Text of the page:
our words make worlds

From Myth-making to Blatant Falsehood in Francophone Writing and Culture


This event looks at the phenomenon of lying and seeks to explore the subject through a multifaceted study of (mis)communication, looking at it across a spectrum, from personal and collective myth-making, to the explicit propagation of lies. For this one-day event, we will look at the way in which mendacity is both a tool of cohesiveness for the community that embraces the lie but is also a means of excluding others and greatening division. In our ‘post-truth’ era, prey to fake news and deceptive rhetoric, this conference seeks to provide an important exploration into the ways falsehood operates (linguistically, artistically and ideologically).

The scope of our study is intentionally wide; the approach aims to be an engaging way of bringing together an interdisciplinary team of researchers who will examine the topic from a myriad of perspectives.

Our guest speakers include:

  • Writer, John Donnelly, who will discuss his modernised version of Tartuffe, one of France’s most famous plays about lying and hypocrisy (staged at the National Theatre this year)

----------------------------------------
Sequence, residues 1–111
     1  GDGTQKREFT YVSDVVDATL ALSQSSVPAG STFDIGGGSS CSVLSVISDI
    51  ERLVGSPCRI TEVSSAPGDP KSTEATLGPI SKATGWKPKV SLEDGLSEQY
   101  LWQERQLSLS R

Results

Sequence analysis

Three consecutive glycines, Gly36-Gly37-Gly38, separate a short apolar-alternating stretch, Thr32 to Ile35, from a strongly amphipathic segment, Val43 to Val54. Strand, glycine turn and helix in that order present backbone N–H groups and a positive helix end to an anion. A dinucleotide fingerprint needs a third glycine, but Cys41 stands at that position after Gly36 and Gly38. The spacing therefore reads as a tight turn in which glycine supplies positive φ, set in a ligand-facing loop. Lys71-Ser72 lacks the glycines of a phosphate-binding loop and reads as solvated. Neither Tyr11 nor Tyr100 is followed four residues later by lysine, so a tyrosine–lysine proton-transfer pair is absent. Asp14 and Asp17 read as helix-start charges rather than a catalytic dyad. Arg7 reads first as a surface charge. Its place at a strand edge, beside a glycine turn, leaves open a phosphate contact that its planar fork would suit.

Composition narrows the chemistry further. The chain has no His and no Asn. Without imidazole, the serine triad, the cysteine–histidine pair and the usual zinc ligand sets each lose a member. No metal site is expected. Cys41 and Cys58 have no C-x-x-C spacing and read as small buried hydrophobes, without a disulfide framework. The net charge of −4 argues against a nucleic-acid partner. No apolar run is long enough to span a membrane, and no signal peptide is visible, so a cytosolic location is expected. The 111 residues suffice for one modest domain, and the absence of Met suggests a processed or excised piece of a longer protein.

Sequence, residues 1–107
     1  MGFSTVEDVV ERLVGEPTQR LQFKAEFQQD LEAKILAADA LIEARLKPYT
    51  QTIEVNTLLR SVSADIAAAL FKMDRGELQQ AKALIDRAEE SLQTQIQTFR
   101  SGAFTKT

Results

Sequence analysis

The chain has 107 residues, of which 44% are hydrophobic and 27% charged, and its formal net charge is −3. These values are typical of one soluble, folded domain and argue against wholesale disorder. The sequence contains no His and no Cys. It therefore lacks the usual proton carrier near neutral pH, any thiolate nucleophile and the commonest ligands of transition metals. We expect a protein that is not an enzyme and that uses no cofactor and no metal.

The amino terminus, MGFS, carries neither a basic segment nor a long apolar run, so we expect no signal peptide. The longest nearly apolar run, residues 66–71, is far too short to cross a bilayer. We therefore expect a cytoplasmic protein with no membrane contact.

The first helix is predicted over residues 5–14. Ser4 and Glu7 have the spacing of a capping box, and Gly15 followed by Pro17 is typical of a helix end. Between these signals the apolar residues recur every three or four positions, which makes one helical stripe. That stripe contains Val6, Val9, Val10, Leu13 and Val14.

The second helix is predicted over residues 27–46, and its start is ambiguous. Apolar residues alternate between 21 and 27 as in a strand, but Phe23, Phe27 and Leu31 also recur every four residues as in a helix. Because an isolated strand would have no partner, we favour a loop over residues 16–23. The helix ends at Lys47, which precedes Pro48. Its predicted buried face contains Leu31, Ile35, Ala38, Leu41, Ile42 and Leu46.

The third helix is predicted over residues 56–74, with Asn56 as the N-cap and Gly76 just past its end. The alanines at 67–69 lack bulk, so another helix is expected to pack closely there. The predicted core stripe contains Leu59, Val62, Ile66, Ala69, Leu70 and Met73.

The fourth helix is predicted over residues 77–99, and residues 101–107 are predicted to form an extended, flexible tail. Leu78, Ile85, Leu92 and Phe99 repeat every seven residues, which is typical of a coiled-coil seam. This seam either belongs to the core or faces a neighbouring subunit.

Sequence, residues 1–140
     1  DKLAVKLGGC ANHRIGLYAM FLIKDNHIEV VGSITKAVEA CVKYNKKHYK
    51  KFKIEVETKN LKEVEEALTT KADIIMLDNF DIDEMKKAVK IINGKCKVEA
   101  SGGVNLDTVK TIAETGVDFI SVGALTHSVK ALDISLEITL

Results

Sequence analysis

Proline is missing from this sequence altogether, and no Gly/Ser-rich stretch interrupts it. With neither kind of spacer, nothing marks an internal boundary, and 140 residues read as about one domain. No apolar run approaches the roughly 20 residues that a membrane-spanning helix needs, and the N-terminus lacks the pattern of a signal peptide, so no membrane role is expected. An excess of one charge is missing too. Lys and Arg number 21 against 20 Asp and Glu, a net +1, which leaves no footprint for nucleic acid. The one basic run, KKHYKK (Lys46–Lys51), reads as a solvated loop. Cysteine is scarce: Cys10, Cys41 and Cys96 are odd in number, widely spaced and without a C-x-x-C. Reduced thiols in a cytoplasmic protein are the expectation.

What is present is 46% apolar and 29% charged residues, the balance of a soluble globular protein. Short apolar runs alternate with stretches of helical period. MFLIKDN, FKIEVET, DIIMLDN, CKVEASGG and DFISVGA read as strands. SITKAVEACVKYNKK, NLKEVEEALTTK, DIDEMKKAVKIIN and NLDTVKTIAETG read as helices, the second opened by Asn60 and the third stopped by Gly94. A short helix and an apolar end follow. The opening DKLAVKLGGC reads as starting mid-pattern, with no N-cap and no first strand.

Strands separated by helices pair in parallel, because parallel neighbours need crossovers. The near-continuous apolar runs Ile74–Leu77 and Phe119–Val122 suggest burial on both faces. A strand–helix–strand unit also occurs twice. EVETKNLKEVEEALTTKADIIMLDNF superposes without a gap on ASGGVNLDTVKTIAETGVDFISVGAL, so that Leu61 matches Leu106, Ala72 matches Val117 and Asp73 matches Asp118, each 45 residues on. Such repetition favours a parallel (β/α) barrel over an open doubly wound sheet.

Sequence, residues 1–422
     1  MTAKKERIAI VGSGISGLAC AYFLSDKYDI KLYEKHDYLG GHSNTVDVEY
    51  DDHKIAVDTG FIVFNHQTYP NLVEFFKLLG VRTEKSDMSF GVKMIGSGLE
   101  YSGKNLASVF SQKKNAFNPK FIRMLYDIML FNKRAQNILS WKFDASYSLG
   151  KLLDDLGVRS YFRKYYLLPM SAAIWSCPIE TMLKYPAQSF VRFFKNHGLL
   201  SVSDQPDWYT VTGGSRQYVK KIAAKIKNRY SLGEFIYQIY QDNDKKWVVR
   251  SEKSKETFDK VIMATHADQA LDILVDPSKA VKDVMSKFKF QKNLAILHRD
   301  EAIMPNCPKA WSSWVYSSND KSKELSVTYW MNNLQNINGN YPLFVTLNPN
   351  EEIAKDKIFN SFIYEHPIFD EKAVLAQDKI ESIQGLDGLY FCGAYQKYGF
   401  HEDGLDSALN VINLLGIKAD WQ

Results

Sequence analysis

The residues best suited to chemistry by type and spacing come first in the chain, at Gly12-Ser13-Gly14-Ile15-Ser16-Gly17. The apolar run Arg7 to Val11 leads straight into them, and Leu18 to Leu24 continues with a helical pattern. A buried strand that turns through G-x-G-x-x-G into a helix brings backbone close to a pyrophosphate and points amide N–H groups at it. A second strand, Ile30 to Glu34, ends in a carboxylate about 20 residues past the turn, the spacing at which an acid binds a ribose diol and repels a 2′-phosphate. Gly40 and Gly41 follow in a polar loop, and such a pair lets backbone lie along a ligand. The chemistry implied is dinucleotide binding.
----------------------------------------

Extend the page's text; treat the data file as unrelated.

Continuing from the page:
• Laélia Véron, lecturer in Stylistics at the Université d’Orléans who will discuss lying and language and her exciting new book, co-written with Maria Candea, Le Français est à nous! Petit manuel d’émancipation linguistique (La Découverte, 2019)
  • Marion Brétéché, lecturer in History at the Université d’Orléans who will discuss ‘fake news’ in the early modern period following on from her work with Evelyne Cohen on ‘La Fausse Information de La Gazette à Twitter’ (Le Temps des Medias, 2018)

The conference will take place online via Microsoft Teams. All times are BST/UTC+1. To register, please contact Dr Emilia Wilton-Godberfforde (emilia.wilton-godberfforde@open.ac.uk).

For further information, please contact organisers Dr Christophe Gagne (cg238@cam.ac.uk) and Dr Emilia Wilton-Godberfforde (emilia.wilton-godberfforde@open.ac.uk).

This event is supported by the Language Acts and Worldmaking Small Grants scheme (in conjunction with The Open University and Churchill College, University of Cambridge).